Call for Papers for a Special Issue of Social
Science Computer Review on:
Simulation Models of Ethnocentrism and
Agent-based simulation is a technique for modelling
phenomena as a collection of interacting individual computational
called ‘agents’. These allow for the projection and examination of
between actors that would be too complicated to follow otherwise. It
require the strong assumptions of some other techniques (as for economic
equation-based models). See the 2014 special issue of SSCR and with its
paper, Squazzoni, Jager, & Edmonds (2014). They represent a shift
considering variable or factors that might impinge upon a situation, to
which allows the consideration of socially embedded individuals (Macy
Several agent-based simulation models have had a
influence upon the thinking around ethnicity and migration, as many of
underlying ideas behind phenomena of interest in these literatures, such
segregation, easily lend themselves to that type of modelling. The
‘checkerboard’ model of the emergence of ethnic segregation (Schelling
which showed that only a small preference for in-group neighbours can
lead to segregation within a space, is often cited as the first
social simulation. Since then there have been several highly influential
in this area. These include Axelrod's (1977) model of the polarization
culture, which showed how a diverse set of groupings could emerge, each
internally coherent, but clearly distinguishable from the ones they
also Hammond and Axelrod's (2006) simulation concerning the possibly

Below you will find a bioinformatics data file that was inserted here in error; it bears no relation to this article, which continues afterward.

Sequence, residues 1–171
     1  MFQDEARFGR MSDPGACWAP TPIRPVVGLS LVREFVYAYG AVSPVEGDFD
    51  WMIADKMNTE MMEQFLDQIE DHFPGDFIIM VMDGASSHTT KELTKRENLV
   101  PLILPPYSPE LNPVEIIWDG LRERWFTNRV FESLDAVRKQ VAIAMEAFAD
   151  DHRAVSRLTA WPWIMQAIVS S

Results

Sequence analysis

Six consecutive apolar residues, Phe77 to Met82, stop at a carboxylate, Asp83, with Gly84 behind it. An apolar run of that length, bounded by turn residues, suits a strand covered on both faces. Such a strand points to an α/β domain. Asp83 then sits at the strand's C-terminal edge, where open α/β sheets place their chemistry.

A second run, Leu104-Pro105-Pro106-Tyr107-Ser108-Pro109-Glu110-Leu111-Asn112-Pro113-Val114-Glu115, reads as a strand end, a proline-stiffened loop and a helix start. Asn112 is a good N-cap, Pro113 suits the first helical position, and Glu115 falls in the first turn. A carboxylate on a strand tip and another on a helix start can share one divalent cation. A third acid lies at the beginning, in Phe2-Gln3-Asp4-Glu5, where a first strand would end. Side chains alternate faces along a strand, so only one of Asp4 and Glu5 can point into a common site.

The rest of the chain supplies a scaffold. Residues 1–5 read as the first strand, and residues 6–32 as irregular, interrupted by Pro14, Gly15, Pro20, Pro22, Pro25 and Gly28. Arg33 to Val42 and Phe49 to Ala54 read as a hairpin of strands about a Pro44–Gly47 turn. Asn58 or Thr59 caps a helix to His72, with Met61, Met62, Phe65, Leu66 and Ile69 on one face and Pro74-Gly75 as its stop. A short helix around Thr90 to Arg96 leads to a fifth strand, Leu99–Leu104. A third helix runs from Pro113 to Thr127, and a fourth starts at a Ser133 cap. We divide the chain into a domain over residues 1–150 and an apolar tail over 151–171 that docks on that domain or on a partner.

emergence of ethnocentrism where the agents could interact cooperatively
otherwise with their neighbours. These three papers have been highly
have inspired many others to build similar models. However, many of
models have tended to be at the abstract end of the ‘simulation
in a suggestive, analogical manner – influencing ideas about these
rather than demonstrating their veracity. Thus, it is possible they have
more influence than their evidential base justifies.
We are looking to publish up to eight high-quality
the above topic. If there are not sufficient high-quality papers then
special issue will be smaller. Accepted papers will present an
simulation on issues connected with ethnocentrism and diversity, and
these simulations to some available evidence. Accepted papers will have
that the simulation added to our understanding of these phenomena in a
new and substantive
way – the aim is social science knowledge, agent-based simulation is
tool. We will not accept position papers or reports of abstract
that do not compare to some evidence or data. Given these restrictions,
can address a variety of issues concerning ethnocentrism and diversity –
will not be overly restrictive in this sense.
In addition to such papers, we might accept one
high quality critical review of the
relevant literature. However, this must go further than merely review
to come to substantive and critical conclusions.
If there is any doubt about the suitability of a
one of the guest editors (below).
November 2017, submission deadline for all
papers for review;
- By Mid February 2018, the
authors will be
informed of the result, and asked to revise papers according to
well as format papers correctly for publication
April 2018, deadline for revisions to
Mid May 2018 authors will be informed of